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Wearable Biosensors

Wearable Biosensors



presented by Ranjan Kumar Pandey, CUSAT, Kerala

presented by Ranjan Kumar Pandey, CUSAT, Kerala



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    Wearable Biosensors Wearable Biosensors Presentation Transcript

      • Need of wearable biosensors
      • Introduction
      • What is a biosensor ?
      • Properties of biosensor
      • Wearable biosensors: -
      • 1. Ring sensor
      • 2. Smart shirt
      • Conclusion
      • References
      • remote monitoring of patients.
      • training support for athelete.
      • monitoring of individuals who work with
      • hazardous elements.
      • tracking of professional truck driver’s vital
      • signs to alert them of fatigue.
      • Use of wearable monitoring devices allow
      • continuous monitoring of physiological signals.
      • Wearable systems are totally non-obtrusive
      • devices that allow physicians to overcome the
      • limitations of ambulatory technology.
      • detects events predictive of possible worsening of
      • the patient’s clinical situations.
    • A biosensor is a device for the detection of an analyte that combines a biological component with a physio-chemical detector component.
      • Consists of 3 parts:
      • Biological component
      • Physiochemical component.
      • Signal processor.
      • RING SENSOR.
      • SMART SHIRT.
    • Fig 1. photograph of ring sensor,size of the top board is 0.8 x 0.8 inch. Fig 2. ring sensor weared on a finger.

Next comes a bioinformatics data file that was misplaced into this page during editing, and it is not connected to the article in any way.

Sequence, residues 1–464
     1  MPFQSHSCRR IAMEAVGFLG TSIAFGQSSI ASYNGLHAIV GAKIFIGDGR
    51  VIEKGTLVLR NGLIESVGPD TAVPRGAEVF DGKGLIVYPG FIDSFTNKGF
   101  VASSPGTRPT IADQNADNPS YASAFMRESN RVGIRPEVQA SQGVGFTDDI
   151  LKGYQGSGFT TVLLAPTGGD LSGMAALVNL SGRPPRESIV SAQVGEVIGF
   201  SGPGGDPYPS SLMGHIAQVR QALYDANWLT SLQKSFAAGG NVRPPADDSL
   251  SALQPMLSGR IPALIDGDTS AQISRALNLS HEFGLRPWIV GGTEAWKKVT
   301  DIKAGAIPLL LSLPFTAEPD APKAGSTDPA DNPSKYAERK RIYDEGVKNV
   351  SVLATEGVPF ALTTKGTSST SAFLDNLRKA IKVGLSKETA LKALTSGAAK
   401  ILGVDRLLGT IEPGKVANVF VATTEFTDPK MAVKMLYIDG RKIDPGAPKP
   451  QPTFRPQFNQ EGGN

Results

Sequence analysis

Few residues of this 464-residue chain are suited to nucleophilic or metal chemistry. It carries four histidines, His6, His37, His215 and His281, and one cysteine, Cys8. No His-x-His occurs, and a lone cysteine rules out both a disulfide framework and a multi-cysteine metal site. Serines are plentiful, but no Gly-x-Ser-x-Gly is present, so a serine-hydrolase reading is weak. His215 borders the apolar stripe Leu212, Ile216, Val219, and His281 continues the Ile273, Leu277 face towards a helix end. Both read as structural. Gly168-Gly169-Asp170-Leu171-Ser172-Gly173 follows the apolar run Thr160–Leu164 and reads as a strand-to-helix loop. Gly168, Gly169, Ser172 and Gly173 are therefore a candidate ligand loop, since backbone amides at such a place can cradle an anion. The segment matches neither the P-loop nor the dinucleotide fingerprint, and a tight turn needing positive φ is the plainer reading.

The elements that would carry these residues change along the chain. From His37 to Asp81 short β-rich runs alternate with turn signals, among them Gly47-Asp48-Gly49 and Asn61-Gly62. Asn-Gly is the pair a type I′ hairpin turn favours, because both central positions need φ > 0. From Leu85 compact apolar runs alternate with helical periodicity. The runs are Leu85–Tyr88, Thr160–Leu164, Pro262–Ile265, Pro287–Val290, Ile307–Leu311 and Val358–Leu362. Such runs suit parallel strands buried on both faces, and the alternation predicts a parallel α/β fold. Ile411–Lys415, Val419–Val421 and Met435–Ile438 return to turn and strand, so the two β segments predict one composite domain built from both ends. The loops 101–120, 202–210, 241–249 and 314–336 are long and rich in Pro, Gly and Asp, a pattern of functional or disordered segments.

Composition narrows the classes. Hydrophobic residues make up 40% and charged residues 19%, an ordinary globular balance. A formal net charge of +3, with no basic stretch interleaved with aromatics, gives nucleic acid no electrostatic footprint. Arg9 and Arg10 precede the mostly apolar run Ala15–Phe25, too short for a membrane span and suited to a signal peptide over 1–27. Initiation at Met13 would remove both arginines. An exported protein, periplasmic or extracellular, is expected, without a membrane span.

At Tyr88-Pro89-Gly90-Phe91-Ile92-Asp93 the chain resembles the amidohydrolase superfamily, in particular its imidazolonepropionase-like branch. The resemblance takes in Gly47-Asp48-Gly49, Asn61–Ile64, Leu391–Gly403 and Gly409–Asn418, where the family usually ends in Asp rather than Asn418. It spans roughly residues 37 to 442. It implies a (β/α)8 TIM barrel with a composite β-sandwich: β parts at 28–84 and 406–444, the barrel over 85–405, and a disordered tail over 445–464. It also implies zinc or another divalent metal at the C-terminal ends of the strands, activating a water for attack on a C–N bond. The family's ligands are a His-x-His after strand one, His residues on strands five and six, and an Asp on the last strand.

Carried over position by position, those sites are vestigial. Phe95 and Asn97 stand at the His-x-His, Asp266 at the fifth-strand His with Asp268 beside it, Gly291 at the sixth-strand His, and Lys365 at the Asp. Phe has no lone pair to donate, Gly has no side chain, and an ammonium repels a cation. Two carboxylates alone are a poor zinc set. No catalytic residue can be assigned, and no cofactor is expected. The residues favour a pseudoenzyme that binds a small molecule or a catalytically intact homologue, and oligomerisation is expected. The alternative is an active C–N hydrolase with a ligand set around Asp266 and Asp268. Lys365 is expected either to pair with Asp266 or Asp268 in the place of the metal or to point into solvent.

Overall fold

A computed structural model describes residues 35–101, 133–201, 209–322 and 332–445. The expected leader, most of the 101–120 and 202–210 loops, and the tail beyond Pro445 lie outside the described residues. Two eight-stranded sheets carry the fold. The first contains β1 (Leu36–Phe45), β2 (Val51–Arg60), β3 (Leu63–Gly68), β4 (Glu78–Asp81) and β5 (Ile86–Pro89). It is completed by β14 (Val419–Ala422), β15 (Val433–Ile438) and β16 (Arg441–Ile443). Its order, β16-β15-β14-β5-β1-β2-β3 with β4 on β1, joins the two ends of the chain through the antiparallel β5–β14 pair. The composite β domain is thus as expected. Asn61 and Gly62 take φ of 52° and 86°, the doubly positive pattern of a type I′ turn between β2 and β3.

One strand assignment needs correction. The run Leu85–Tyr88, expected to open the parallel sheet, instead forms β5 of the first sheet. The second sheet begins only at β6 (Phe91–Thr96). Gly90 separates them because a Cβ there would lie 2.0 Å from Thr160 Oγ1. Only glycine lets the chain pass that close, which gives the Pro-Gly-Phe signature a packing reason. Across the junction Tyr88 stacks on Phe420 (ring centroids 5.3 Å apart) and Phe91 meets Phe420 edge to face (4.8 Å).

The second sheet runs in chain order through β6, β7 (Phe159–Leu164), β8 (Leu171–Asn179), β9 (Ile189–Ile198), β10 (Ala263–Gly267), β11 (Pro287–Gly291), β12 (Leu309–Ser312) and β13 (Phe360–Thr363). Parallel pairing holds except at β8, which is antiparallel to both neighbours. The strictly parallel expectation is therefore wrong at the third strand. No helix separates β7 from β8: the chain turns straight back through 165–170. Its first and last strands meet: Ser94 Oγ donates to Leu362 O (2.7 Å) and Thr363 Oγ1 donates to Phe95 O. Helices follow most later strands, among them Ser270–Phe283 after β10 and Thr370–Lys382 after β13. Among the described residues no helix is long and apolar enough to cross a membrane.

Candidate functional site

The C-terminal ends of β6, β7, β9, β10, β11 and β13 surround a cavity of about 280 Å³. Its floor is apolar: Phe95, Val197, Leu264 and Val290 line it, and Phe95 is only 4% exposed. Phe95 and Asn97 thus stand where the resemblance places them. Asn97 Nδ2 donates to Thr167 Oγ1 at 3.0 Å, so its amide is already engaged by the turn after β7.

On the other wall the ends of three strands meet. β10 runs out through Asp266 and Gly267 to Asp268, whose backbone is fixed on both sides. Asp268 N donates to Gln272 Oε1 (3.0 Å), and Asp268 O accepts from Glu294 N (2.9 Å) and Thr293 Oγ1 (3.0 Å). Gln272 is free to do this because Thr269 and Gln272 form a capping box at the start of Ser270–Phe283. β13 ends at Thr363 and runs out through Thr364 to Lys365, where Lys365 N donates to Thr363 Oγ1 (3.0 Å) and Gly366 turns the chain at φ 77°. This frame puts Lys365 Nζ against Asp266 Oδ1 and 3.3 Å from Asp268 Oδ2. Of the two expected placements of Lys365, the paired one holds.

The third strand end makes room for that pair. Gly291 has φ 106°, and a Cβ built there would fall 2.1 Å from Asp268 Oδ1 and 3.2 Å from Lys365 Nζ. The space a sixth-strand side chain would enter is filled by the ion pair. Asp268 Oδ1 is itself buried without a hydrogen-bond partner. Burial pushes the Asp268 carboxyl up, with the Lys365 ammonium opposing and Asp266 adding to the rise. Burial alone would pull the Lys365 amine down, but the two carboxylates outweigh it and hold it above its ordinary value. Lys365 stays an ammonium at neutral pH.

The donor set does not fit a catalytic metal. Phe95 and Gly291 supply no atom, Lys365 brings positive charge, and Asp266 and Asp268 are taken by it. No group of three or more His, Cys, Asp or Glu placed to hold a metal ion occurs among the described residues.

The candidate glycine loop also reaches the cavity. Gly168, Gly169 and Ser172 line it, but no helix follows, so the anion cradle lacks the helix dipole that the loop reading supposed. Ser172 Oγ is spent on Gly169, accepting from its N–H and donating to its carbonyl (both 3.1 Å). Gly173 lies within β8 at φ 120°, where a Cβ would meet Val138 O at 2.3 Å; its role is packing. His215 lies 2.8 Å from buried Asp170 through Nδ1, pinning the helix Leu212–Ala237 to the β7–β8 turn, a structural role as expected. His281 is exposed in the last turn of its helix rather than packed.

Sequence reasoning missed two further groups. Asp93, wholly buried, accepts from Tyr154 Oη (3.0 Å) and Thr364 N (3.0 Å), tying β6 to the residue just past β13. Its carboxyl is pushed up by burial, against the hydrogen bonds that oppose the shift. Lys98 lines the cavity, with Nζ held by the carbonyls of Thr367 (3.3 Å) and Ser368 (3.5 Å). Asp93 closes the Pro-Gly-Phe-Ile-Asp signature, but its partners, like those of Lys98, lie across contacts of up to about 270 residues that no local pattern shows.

• works on the principle of plethysmogram and pulse
      • oximetry.
      • LED’s and Photodiodes.
      • First stage amplifier.
      • Sample and Hold circuit.
      • Signal Conditioner.
      • CPU.
      • RF Transmitter.
      • Software for the microprocessor on the ring.
      • Software for the host computer.
      LED’S and photodiodes. Micro processor(inside) Battery Transmitter
      • Continous monitoring.
      • Easy to use.
      • Reducing hospitalization fee.
      • Initial cost is high.
      • Limited number of physiological parameters can
      • be monitored.
    • Fig. Smart Shirt System.
      • Easy to wear and take off.
      • Continous monitoring.
      • Initial cost is high.
      • Battery life is less.
      • Smart shirt technology opens up existing opportunities to
      • develop adaptive & responsive systems that can think &
      • act based on the user conditions stimuli & environment.
      • Certain individuals are susceptible to anaphylaxis reaction
      • (an allergic reaction) when stung by a bee or spider and need
      • a shot of adrenaline immediately to prevent further fatalities.
      • by applying advancements in MEMS(Micro-Electrochemical
      • systems) technology we can achieve that.
      • The Smarts shirt’s delta acquisition capabilities can be used to
      • detect the condition when an individual is lapsing into a diabetic
      • shock and this integrated feedback mechanism can provide the
      • appropriate response to prevent a fatality.
      • Just as special-purpose chips and processors can be
      • plugged into a computer motherboard to obtain the
      • the required information processing capability, the smart
      • shirt is an information infrastructure in which the wearer
      • can “plug in” the desired sensors and devices, thereby
      • creating a system for monitoring vital signs in an efficient
      • and cost effective manner with a “universal” interface of
      • clothing.
      • Just as the spreadsheet pioneered the field of information
      • processing that brought “computing to the masses”.It is
      • anticipated that the smart shirt will bring personalized &
      • affordable healthcare monitoring to the population at
      • large.
      • Park and Jayaraman,”Enhancing the quality of life
      • through wearable technology”,vol. 22, June-03
      • R.Neumann,”Biomedical Sensors” ,handbook of
      • biomedical instrumentation,page. 725-755
      • http://www.sensatex.com/smartshirt.html
      • http://en.wikipedia.org/wiki/Biosensor